How the Climate Affects Forests (E3221)

Forests are affected by the local climate, in addition to being affected by short-term weather events. Michigan's climate has been changing over several decades, and continued climate change could result in many impacts to forests in our state.

How the Climate Affects Forests

The Earth’s climate is changing. Many trends have been tracked, some reaching back tens of thousands of years. Trees and forests are sensitive to a range of environmental conditions, including the climate. In addition to climate, there are other factors to which forests respond, such as human activities and management, biological relationships, and invasive pests. All of this creates a dynamic within which forests grow and change. How much do climate factors need to change before forests change in a significant way? This question is almost impossible to answer, although there is no doubt about impending change. Climate influences will vary between different forest types and will be complicated by ecological complexities.

Evidence of Change

Historical data goes back about one hundred years for some climate measures. There are a variety of ways climate factors can be inferred, such as pollen cores in bogs and the study of tree rings. Globally, some measures go back 100,000 years. Records over the past 100 years demonstrate some remarkable trends that cannot be attributed to natural causes. These trends vary somewhat across regions, but the overall picture points to a warming, more erratic climate. Across the entire state, Michigan’s average annual temperature increased over 2.4 ◦F from 1895-2013.1 Winter temperatures have risen faster (3.3 ◦F) during the same time, particularly winter low temperatures (3.7 ◦F). Extreme high temperature periods have increased across the Midwest, including higher night temperatures and higher humidity. Average annual precipitation has increased by 3.5 inches, with the greatest increases in the summer and fall.  There is variation across the state, with some areas experiencing significant droughts. The interaction of temperature, precipitation, and seasonality is important to forests. Heavy rainfall events (+3 inches in a single event) have become more frequent in Michigan, as well as across the Midwest. As a greater proportion of precipitation is delivered in large events, there can be longer periods between rain events. Recent severe events, such as the burst of tornadoes across southern Michigan in 2012 and the northward migration of tornadoes suggest change but long-term records for these phenomena are limited.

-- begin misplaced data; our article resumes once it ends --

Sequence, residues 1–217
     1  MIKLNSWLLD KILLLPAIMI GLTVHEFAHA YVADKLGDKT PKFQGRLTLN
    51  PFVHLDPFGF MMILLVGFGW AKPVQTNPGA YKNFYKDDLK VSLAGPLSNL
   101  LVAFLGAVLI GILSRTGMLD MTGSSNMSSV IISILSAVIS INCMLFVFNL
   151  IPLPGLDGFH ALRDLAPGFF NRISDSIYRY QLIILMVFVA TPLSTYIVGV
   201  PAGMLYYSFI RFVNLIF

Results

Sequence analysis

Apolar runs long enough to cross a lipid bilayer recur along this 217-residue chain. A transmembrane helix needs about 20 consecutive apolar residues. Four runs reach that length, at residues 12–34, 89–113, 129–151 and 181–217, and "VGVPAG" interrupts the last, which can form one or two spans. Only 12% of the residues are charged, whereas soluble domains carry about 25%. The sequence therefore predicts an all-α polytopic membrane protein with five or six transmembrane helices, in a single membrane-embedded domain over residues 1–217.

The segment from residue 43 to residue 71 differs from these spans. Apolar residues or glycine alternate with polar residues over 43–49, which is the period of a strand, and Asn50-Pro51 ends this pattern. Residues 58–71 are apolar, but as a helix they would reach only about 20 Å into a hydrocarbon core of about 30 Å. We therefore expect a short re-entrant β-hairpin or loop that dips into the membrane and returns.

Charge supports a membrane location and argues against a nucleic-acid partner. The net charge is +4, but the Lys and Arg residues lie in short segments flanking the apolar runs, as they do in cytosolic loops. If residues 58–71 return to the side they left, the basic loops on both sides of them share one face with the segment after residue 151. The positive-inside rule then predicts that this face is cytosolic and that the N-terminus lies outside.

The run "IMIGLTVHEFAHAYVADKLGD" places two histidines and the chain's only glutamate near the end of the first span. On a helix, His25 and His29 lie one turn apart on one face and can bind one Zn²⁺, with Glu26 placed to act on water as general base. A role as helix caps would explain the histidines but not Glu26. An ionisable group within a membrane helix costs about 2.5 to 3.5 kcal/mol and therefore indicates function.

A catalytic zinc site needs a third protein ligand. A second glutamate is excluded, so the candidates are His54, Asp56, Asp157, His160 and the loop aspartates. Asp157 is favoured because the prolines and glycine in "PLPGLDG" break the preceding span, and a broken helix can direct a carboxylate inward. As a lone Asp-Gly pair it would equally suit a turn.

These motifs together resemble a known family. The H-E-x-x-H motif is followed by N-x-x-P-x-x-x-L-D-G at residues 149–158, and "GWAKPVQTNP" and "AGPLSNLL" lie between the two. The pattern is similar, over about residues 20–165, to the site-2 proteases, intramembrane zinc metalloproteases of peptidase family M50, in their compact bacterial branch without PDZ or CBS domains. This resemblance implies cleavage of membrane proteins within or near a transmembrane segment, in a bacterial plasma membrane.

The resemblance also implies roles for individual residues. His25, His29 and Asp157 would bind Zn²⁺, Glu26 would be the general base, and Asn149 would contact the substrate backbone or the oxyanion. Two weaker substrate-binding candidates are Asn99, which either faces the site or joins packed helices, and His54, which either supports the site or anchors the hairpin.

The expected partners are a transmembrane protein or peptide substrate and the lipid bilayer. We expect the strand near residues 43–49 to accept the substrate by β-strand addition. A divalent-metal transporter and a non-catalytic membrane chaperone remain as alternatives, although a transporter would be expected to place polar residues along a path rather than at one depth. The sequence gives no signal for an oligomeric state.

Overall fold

Effects on Forests

How does the climate affect forests? There are many direct and indirect ways. An example of a direct effect might be changes in phenology, for example when trees leaf-out in the spring or when flower buds open. An indirect effect might be the damage done by an insect whose range expands due to warmer winters. Many forest processes are regulated by photoperiod and less driven by climate change. Other processes are influenced by temperature and other weather variables. The timing of leaf expansion is a common example. Dr. Andy Burton (Michigan Technological University) has observed that sugar maple growing season length has increased by 11.5 days over the past 20 years across a range of sites in Michigan. Forests are ecological systems that may be slow to respond to climate change. Much of the change is not predicted to occur until the middle of this century. In particular, mature trees are long-lived organisms and may not be good indicators of climate change. However, tree regeneration patterns may be early indicators, especially along ecotones of change (e.g. forest-prairie, hardwood-boreal). Regeneration of red maple and black ash is occurring in certain boreal forests, which is not typical. Studies are underway examining changes across ecotones in Michigan, Wisconsin, and Minnesota. More mobile taxa, such as birds and mammals, have experienced expansions in ranges. These wildlife species serve important roles in the distribution and success of forest regeneration. Moose populations have declined across most of their southern range. Warmer temperatures are an important driver of that dynamic. How the Climate Affects Forests Forest Management in a Changing Climate Forests are affected by the local climate, in addition to being affected by short-term weather events. Michigan’s climate has been changing over the past several decades, and continued climate change could result in many impacts to forests in our state


Michigan’s climate is expected to grow warmer and more variable, with increasing drought stress in late summer. Winters are expected to warm faster than other seasons. Rainfall shows an increase in spring, but a possible decrease in summer. However, precipitation projections vary considerably among models and across regions. Warmer summer temperatures and less rainfall can lead to more severe droughts. Increased CO2 levels tend to boost forest productivity but this effect may be limited by water availability and other environmental conditions. Growing seasons are expected to continue to lengthen. Table 1 highlights some of the projected climate-related impacts for Michigan forests.


Models based from a variety of sources are used to help predict future forest changes. Models are also useful to determine how different variables interact and which variables may be more important when answering a particular question. Model development and interpretation is complicated. A single tree species or forest type may “behave” differently according to different models or climate inputs. Effects on more complex climate-driven factors are less certain (wildfire, invasive species), but we have greater confidence in situations where multiple model projections agree and are reinforced by manager expertise.

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